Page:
If only teleporting was cheap, and, you know, possible . . .
Friday, January 23, 2009
7:00pm – 9:00pm
Housing Works Bookstore Café
126 Crosby Street
New York, NY
Panelists Esther Allen, translator, former co-director of PEN World Voices, author of International PEN report on Translation and Globalization; Yvette Chrisianse, South African poet, novelist, professor; Elizabeth Macklin, poet, translator from Basque of Uribe; Jill Schoolman, Director of Archipelago Books; Karen Emmerich, translator of NBCC award finalist Miltos Sachtouris, among other Greek writers.
Moderator: NBCC board member and poet Kevin Prufer (National Anthem), editor of Pleiades and coeditor of “New European Poets” (Graywolf).
You can find out more (and RSVP) on the Facebook event page.
This year’s Miriam Bass Award for Creativity in Independent Publishing was given to Jill Schoolman of Archipelago Books, a good friend, fantastic publisher, and energetic advocate for international literature. She truly deserves this award and all the accolades that Marianne Bohr included in her introduction:
This year’s winner, Jill Schoolman, publisher of Archipelago Books, a not-for-profit press operating out of Brooklyn, has devoted herself to publishing first-edition English translations of innovative works of classic and contemporary world literature, vital voices that deserve to be heard and that she believes English speakers should not have to live without. Her list includes a diverse group of international writers whose titles she hopes will help promote America’s awareness of other cultures.
As most of us are sadly aware, as more and more publishers focus on the almighty blockbuster, there are very few avenues for getting works in translation to see the light of day in the U.S. It was against the backdrop of this stark reality that Jill started Archipelago—it was because she saw an urgent need and believed that American readers are hungry to know what people are writing about and thinking about beyond our borders. And I am very happy to report that the press has acknowledged Jill’s efforts and Archipelago Books with some excellent coverage and stellar reviews.
In the words of National Book Network’s president, Jed Lyons, “Miriam Bass appreciated creativity in people, especially when it was in service to the book business. Miriam would have heartily approved of the selection of Jill Schoolman, one of the most dedicated and creative people in publishing today, to win this award.”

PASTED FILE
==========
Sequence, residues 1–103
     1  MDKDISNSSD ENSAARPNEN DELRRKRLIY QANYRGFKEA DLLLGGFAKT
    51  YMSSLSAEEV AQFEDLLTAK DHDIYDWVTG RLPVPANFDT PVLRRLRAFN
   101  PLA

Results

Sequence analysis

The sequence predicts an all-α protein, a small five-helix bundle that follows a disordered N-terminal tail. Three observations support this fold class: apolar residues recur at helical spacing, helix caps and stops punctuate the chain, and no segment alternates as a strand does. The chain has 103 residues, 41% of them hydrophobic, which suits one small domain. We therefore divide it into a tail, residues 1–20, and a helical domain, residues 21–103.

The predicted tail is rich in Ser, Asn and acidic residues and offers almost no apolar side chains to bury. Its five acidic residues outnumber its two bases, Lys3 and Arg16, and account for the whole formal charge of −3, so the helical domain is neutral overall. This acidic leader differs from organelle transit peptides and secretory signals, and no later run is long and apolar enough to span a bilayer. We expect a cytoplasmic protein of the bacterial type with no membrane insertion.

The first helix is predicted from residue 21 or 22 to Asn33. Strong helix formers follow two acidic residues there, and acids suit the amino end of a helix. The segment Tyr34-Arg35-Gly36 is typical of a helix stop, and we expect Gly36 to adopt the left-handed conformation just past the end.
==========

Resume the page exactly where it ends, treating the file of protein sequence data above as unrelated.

I’m sure everyone reading this blog is familiar with Archipelago Books, they do so many interesting translations, and in such beautiful editions. Personally, I’m really looking forward to reading Attila Bartis’s Tranquility, in part because of Jeff Waxman’s stellar review, but also because I’ve been hearing great things about this book from booksellers and other reviewers across the country.
Once again, congrats to Jill Schoolman, and I hope she keeps up the good work.
In the London of Hédi Kaddour’s Little Grey Lies, translated by Teresa Lavender Fagan, peace has settled, but the tensions, fears, and anger of the Great War remain, even if tucked away behind stories and lies. Directly ahead, as those. . .
One of the greatest services—or disservices, depending on your viewpoint—Bertrand Russell ever performed for popular philosophy was humanizing its biggest thinkers in his History. No longer were they Platonic ideals, the clean-shaven exemplars of the kind of homely truisms that. . .
The best way to review Alejandra Pizarnik’s slim collection, A Musical Hell, published by New Directions as part of their Poetry Pamphlet series, is to begin by stating that it is poetry with a capital P: serious, dense, and, some. . .
Upon completing Albertine Sarrazin’s Astragal I was left to wonder why it ever fell from print. Aside from the location, Astragal could pass as the great American novel. Its edginess and rawness capture the angst and desires we all had. . .
When my eyes first crossed the back cover of Fabio Genovesi’s novel Live Bait, I was caught by a blurb nestled between accolades, a few words from a reviewer for La Repubblica stating that the novel was, however magically, “[b]eyond. . .
“I preferred the war to the plague,” writes Curzio Malaparte in his 1949 novel, The Skin. He speaks of World War II and the destruction it has wrought on Italy, the city of Naples in particular. But the plague he. . .
With the steady rise of feminist scholarship and criticism in recent decades, it is little wonder that the work of Louise Labé should be attracting, as Richard Sieburth tells us in the Afterword to his translation, a “wide and thriving”. . .